Absence of Drinking Water Safety Data Inside West Virginia Homes: Time to Act

Updated 4 years ago Special to HuntingtonNews.Net
Absence of Drinking Water Safety Data Inside West Virginia Homes: Time to Act
Univ of South Alabama photo

Editor's Note: The following is from a post by the University of South Alabama , Department of Civil Engineering:

by Dr. Andy Whelton

There continues to be a complete lack of interest by any official to conduct inside the house drinking water testing, despite the tap water being deemed safe to drink from fire hydrant and government buildings testing. Still today, water is not safe for pregnant women and children under 3 years old. Some people who have contacted me have family members who were admitted to the hospital caused by inhalation exposures. Others have planned water births and now do not know what to do. As a parent, husband, and son, I cannot fathom the stress that must be going through these individuals lives because of the incident. I am sincerely sorry that the residents of West Virginia were affected by this incident. More information is needed to help those affected.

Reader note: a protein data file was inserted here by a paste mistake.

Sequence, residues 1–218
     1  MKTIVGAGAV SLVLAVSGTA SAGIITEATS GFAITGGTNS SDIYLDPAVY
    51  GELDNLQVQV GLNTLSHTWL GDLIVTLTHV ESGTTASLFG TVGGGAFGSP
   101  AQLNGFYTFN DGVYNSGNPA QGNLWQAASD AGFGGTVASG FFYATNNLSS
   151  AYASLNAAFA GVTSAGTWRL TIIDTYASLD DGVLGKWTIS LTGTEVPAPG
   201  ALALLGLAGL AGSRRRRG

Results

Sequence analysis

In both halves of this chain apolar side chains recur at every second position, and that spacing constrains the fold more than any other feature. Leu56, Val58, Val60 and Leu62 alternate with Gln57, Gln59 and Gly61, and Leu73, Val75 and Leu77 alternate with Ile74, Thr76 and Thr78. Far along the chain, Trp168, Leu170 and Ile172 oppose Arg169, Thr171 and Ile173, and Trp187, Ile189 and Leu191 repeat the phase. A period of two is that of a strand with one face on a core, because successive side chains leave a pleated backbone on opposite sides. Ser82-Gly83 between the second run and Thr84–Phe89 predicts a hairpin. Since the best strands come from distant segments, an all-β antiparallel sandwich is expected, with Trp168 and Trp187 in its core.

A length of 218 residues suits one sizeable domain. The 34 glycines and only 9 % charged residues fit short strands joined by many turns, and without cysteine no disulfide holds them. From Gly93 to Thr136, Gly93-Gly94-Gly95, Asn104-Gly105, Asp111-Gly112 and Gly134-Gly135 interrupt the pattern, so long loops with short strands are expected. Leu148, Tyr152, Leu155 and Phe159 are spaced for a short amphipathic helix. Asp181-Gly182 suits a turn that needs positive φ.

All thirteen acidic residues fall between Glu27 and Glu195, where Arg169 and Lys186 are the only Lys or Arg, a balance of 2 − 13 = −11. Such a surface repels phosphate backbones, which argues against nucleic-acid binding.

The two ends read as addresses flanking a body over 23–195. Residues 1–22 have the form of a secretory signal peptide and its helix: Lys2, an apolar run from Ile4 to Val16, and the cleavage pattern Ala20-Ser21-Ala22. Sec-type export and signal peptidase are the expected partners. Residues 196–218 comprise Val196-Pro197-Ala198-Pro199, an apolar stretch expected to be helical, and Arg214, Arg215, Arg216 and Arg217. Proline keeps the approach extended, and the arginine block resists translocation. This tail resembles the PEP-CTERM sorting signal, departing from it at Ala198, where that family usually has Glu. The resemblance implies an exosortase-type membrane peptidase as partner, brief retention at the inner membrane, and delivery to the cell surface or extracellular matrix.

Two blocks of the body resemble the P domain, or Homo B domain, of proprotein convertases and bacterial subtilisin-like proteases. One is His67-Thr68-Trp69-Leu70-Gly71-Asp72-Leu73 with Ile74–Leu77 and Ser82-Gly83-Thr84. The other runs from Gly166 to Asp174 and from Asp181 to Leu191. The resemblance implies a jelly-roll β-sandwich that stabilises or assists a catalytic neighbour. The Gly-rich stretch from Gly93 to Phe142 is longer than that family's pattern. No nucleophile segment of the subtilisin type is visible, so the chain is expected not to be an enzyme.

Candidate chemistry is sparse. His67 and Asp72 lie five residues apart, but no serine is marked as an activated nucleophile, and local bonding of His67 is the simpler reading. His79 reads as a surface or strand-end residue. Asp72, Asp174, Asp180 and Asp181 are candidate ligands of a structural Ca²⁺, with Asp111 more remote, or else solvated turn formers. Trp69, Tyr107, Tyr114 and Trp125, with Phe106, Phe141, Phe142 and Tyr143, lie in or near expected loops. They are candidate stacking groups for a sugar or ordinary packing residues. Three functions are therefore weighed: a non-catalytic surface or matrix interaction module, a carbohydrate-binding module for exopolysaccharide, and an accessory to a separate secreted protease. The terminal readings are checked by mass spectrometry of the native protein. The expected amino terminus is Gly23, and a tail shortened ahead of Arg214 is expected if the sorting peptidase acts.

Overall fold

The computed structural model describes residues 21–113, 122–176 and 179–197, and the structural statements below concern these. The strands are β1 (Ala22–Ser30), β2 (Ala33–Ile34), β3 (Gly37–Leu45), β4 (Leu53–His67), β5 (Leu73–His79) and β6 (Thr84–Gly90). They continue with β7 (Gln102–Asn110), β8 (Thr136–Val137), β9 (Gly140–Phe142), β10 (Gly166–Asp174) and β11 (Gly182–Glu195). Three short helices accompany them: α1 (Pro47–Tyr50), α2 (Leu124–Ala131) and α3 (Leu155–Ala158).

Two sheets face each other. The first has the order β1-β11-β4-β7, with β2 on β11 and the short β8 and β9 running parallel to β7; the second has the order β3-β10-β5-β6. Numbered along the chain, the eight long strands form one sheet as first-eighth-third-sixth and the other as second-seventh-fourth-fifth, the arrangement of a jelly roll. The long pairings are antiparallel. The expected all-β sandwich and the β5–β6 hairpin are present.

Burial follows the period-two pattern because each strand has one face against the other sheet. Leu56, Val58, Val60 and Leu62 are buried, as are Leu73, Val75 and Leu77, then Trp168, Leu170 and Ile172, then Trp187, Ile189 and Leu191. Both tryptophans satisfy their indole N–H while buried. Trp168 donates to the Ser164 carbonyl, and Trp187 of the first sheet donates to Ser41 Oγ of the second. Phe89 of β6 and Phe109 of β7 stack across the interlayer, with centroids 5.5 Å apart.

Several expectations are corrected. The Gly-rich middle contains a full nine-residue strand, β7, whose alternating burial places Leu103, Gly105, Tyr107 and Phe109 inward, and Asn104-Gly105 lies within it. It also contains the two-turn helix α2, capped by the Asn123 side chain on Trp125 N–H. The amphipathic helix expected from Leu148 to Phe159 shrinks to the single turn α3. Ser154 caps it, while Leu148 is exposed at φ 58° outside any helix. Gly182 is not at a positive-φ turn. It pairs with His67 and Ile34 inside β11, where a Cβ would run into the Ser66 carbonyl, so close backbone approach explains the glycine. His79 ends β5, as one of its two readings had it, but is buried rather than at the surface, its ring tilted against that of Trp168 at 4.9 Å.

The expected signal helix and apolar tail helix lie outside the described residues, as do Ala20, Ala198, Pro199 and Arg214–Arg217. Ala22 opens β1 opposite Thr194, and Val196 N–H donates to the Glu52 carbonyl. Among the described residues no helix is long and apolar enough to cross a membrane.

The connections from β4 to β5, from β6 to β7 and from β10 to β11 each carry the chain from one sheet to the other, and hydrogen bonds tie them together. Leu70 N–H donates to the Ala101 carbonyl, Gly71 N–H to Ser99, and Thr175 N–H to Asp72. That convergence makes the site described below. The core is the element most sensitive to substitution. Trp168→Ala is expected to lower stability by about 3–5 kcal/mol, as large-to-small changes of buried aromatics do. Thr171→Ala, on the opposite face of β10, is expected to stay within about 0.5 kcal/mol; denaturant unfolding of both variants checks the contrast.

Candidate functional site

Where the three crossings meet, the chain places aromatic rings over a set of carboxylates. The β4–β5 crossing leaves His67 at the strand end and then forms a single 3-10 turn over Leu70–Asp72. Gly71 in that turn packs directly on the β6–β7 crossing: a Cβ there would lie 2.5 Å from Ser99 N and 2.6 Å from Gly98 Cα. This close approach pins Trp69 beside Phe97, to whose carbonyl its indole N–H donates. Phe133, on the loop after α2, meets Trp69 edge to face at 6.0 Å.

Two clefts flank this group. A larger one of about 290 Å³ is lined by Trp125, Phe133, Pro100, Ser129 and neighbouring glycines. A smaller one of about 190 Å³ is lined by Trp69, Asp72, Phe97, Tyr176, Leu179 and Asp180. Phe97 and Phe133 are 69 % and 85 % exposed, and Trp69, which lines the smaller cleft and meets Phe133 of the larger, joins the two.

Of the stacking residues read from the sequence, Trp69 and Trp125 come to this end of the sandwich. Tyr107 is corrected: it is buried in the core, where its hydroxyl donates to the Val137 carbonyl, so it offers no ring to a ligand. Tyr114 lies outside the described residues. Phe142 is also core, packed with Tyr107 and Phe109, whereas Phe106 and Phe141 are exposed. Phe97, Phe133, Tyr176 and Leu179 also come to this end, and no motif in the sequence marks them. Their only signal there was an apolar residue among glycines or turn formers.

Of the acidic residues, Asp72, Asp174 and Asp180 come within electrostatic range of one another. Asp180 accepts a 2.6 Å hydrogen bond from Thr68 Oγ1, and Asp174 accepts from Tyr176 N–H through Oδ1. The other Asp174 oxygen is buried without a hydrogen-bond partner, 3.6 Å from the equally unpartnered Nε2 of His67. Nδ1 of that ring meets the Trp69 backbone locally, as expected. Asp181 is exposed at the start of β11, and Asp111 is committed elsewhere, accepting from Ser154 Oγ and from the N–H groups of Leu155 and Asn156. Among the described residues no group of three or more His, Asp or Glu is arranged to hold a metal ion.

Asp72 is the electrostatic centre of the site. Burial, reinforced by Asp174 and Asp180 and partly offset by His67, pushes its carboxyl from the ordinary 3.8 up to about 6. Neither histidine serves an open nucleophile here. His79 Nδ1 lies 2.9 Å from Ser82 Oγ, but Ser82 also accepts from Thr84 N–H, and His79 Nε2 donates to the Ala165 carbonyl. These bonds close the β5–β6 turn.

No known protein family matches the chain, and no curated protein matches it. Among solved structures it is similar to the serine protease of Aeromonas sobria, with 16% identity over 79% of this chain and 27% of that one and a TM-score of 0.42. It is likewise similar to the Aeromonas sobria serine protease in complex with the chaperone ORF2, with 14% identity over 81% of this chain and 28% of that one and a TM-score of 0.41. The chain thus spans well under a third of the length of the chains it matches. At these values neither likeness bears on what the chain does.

Over the past two weeks I have been speaking with government agencies and nonprofit organizations in an effort to find funding to support continued in-home drinking water testing. As you know, many people still refuse to drink the tap water, and some outright refuse to use the water for any purpose. No organization has provided us funding (or to my knowledge, any other organization) to conduct the necessary testing. It seems the people who are being affected and their family and friends are primarily the only people who seem to be concerned anymore. 

Having been in the Charleston area last week and seen firsthand the impact this event had on people of all socioeconomic levels, bathed in the water myself (cold only), and failure of responders to provide –inside the home– drinking water testing, we have setup a public donation site.




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